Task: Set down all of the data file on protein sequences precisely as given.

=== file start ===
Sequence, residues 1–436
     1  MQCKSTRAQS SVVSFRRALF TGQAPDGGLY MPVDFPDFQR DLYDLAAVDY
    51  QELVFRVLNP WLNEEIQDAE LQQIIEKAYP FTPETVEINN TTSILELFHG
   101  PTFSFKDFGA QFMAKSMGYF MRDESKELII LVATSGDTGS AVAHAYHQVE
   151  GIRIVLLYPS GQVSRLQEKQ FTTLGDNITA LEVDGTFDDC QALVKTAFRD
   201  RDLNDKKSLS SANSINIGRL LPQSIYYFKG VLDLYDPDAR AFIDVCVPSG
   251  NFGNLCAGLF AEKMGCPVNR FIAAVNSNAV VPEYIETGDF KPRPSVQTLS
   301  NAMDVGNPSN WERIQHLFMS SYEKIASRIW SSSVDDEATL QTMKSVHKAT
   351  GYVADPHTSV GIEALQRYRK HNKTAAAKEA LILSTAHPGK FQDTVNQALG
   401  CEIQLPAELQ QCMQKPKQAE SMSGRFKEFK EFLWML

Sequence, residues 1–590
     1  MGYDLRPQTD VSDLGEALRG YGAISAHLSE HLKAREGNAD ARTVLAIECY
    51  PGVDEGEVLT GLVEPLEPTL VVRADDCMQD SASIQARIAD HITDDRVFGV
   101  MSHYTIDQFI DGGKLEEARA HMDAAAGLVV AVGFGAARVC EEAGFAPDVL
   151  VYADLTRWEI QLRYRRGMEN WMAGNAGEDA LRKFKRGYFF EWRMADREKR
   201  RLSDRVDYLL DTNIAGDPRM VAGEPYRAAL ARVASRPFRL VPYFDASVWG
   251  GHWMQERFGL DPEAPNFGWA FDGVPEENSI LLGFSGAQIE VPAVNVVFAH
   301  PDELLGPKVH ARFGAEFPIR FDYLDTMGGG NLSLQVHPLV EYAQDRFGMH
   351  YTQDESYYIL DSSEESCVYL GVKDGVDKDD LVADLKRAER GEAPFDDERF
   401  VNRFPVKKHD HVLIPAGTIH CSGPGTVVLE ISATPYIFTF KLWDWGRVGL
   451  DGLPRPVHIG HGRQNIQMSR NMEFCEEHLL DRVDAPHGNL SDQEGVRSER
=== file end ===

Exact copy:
Sequence, residues 1–436
     1  MQCKSTRAQS SVVSFRRALF TGQAPDGGLY MPVDFPDFQR DLYDLAAVDY
    51  QELVFRVLNP WLNEEIQDAE LQQIIEKAYP FTPETVEINN TTSILELFHG
   101  PTFSFKDFGA QFMAKSMGYF MRDESKELII LVATSGDTGS AVAHAYHQVE
   151  GIRIVLLYPS GQVSRLQEKQ FTTLGDNITA LEVDGTFDDC QALVKTAFRD
   201  RDLNDKKSLS SANSINIGRL LPQSIYYFKG VLDLYDPDAR AFIDVCVPSG
   251  NFGNLCAGLF AEKMGCPVNR FIAAVNSNAV VPEYIETGDF KPRPSVQTLS
   301  NAMDVGNPSN WERIQHLFMS SYEKIASRIW SSSVDDEATL QTMKSVHKAT
   351  GYVADPHTSV GIEALQRYRK HNKTAAAKEA LILSTAHPGK FQDTVNQALG
   401  CEIQLPAELQ QCMQKPKQAE SMSGRFKEFK EFLWML

Sequence, residues 1–590
     1  MGYDLRPQTD VSDLGEALRG YGAISAHLSE HLKAREGNAD ARTVLAIECY
    51  PGVDEGEVLT GLVEPLEPTL VVRADDCMQD SASIQARIAD HITDDRVFGV
   101  MSHYTIDQFI DGGKLEEARA HMDAAAGLVV AVGFGAARVC EEAGFAPDVL
   151  VYADLTRWEI QLRYRRGMEN WMAGNAGEDA LRKFKRGYFF EWRMADREKR
   201  RLSDRVDYLL DTNIAGDPRM VAGEPYRAAL ARVASRPFRL VPYFDASVWG
   251  GHWMQERFGL DPEAPNFGWA FDGVPEENSI LLGFSGAQIE VPAVNVVFAH
   301  PDELLGPKVH ARFGAEFPIR FDYLDTMGGG NLSLQVHPLV EYAQDRFGMH
   351  YTQDESYYIL DSSEESCVYL GVKDGVDKDD LVADLKRAER GEAPFDDERF
   401  VNRFPVKKHD HVLIPAGTIH CSGPGTVVLE ISATPYIFTF KLWDWGRVGL
   451  DGLPRPVHIG HGRQNIQMSR NMEFCEEHLL DRVDAPHGNL SDQEGVRSER